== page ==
6 Ways Small Businesses Can Save On Taxes

By Annie Mueller | December 15, 2010 AAA
6 Ways Small Businesses Can Save On Taxes

What do the holidays mean for business owners? While the rest of us may be gathered around the fire singing Christmas carols, small business owners are trying not to get heartburn over the thought of year-end taxes. All that eggnog doesn't help. Here are six ways you can save on taxes this year, so polish off that eggnog and have another cookie. (For related reading, also check out 5 Traits Of A Successful Small Business.)

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  1. Incorporate in Another Region
    Though the term "foreign corporation" may sound a little scary, don't be alarmed. The term simply refers to any corporation that does business in a region other than the one in which it was incorporated. For example, if you live and run your small business in Tennessee and you incorporate your business there but also do business in Missouri, Alabama and elsewhere, you are a domestic corporation in Tennessee and a foreign corporation in any other state.
    Since some states have more lenient laws and better small business tax breaks than others, many corporations - both big and small - choose to be a domestic corporation in those business-friendly states and a foreign corporation everywhere else. As long as you follow all the legal procedures required for incorporation, you can incorporate in any of the 50 states or in the District of Columbia. Business-friendly states with the best tax advantages, according to a U.S. News article, include Washington (low taxes), Virginia (low consumption taxes), Texas (low worker's compensation costs, no income or capital gains tax for individuals) and Florida (low corporate tax rates). (For more on this topic, see Where Should Your Small Business Incorporate?)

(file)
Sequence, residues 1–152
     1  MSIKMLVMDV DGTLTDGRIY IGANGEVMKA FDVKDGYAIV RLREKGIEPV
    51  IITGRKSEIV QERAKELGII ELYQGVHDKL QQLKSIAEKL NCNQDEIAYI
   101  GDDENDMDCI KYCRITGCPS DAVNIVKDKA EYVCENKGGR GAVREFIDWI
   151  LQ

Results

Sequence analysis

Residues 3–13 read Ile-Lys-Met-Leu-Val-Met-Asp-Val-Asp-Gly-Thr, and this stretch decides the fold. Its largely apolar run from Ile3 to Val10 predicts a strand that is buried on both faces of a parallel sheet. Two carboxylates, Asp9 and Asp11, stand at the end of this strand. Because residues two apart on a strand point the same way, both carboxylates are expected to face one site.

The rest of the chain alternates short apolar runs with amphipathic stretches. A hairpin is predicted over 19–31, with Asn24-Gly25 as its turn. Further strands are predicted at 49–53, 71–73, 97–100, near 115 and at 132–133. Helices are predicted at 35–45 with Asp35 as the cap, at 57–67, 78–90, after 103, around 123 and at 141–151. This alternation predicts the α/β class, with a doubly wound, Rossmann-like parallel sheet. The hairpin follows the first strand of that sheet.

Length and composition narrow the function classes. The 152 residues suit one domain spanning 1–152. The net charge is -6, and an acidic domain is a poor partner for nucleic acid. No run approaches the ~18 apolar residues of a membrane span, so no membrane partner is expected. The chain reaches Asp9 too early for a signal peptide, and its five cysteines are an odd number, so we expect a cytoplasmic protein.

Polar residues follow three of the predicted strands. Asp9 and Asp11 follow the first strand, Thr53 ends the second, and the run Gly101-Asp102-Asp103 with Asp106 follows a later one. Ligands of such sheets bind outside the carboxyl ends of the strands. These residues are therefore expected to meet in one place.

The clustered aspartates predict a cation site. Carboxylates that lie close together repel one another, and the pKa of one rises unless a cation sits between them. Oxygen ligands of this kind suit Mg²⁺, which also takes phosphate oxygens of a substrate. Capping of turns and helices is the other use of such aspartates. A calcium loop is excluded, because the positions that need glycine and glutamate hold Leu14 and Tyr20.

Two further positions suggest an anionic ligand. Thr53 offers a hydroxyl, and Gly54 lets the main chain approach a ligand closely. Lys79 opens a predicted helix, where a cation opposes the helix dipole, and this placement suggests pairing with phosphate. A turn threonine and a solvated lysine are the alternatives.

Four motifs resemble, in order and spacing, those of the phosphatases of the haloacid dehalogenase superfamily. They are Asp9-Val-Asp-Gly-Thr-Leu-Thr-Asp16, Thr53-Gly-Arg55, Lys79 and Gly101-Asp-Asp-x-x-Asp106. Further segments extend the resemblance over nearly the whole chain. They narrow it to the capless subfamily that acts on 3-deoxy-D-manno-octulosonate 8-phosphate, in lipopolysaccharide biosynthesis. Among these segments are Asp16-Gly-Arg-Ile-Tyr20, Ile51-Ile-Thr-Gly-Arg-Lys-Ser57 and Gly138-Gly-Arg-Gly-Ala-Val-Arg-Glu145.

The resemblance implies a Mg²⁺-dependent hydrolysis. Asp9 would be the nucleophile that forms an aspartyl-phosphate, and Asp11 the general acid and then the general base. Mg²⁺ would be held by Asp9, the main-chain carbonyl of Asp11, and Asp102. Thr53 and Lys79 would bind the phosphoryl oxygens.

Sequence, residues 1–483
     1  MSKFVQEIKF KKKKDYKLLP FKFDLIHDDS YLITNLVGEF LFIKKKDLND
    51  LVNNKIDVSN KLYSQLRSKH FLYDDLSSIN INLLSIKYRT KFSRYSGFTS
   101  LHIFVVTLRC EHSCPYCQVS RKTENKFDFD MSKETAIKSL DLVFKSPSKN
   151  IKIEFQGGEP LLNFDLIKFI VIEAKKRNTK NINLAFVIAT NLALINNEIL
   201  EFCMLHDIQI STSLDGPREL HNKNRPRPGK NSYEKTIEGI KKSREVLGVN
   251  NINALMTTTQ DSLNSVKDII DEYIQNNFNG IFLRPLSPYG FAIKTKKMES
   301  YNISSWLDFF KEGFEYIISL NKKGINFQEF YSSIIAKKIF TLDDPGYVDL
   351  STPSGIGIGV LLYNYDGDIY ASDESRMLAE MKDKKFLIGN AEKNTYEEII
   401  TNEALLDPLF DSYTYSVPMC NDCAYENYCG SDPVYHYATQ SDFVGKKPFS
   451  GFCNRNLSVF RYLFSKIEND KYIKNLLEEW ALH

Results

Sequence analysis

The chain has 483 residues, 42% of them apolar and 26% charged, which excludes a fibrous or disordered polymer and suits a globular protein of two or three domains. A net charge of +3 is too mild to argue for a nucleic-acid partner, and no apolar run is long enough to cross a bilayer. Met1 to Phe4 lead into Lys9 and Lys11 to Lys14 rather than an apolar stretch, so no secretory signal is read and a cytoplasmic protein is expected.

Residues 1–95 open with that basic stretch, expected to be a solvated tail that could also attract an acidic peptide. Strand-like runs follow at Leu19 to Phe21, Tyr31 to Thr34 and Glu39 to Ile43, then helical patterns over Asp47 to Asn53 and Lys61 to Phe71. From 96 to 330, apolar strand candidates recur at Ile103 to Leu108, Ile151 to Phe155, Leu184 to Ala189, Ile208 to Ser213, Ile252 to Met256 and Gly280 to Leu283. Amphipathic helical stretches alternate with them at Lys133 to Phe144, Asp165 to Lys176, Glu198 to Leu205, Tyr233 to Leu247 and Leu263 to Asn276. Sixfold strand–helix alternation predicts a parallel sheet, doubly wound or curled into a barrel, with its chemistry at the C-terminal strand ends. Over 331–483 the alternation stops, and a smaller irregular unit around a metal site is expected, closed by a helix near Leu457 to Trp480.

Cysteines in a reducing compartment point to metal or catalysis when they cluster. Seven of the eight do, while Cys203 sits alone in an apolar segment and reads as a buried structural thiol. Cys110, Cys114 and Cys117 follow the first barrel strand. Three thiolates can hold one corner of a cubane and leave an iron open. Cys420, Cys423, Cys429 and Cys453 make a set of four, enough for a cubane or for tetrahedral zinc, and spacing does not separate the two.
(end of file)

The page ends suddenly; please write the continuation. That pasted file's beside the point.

2. Create an Umbrella Company
    An umbrella company is one corporation, with one company name, which is the "parent company" of all your individual start-ups and ventures. An umbrella company could be an LLC or another type of corporation, and you can change the type of corporation for your umbrella company without messing around with the paperwork or status for your individual ventures.
    Having an umbrella company can also help you simplify and save on taxes. When all your business ventures are brought together under an umbrella company, your umbrella company records all profits and losses, and pays taxes on all of it - once. Keeping up with the paperwork for one (umbrella) company is certainly easier than doing taxes for five (smaller) companies, and you can end up saving on taxes too. If once of your ventures is doing great, raking in the profits, but another is sinking under the weight of first-year expenditures, you'll get to see those things balance out when you pay taxes once, because they'll both come under the umbrella company.

  3. Invest in Business Insurance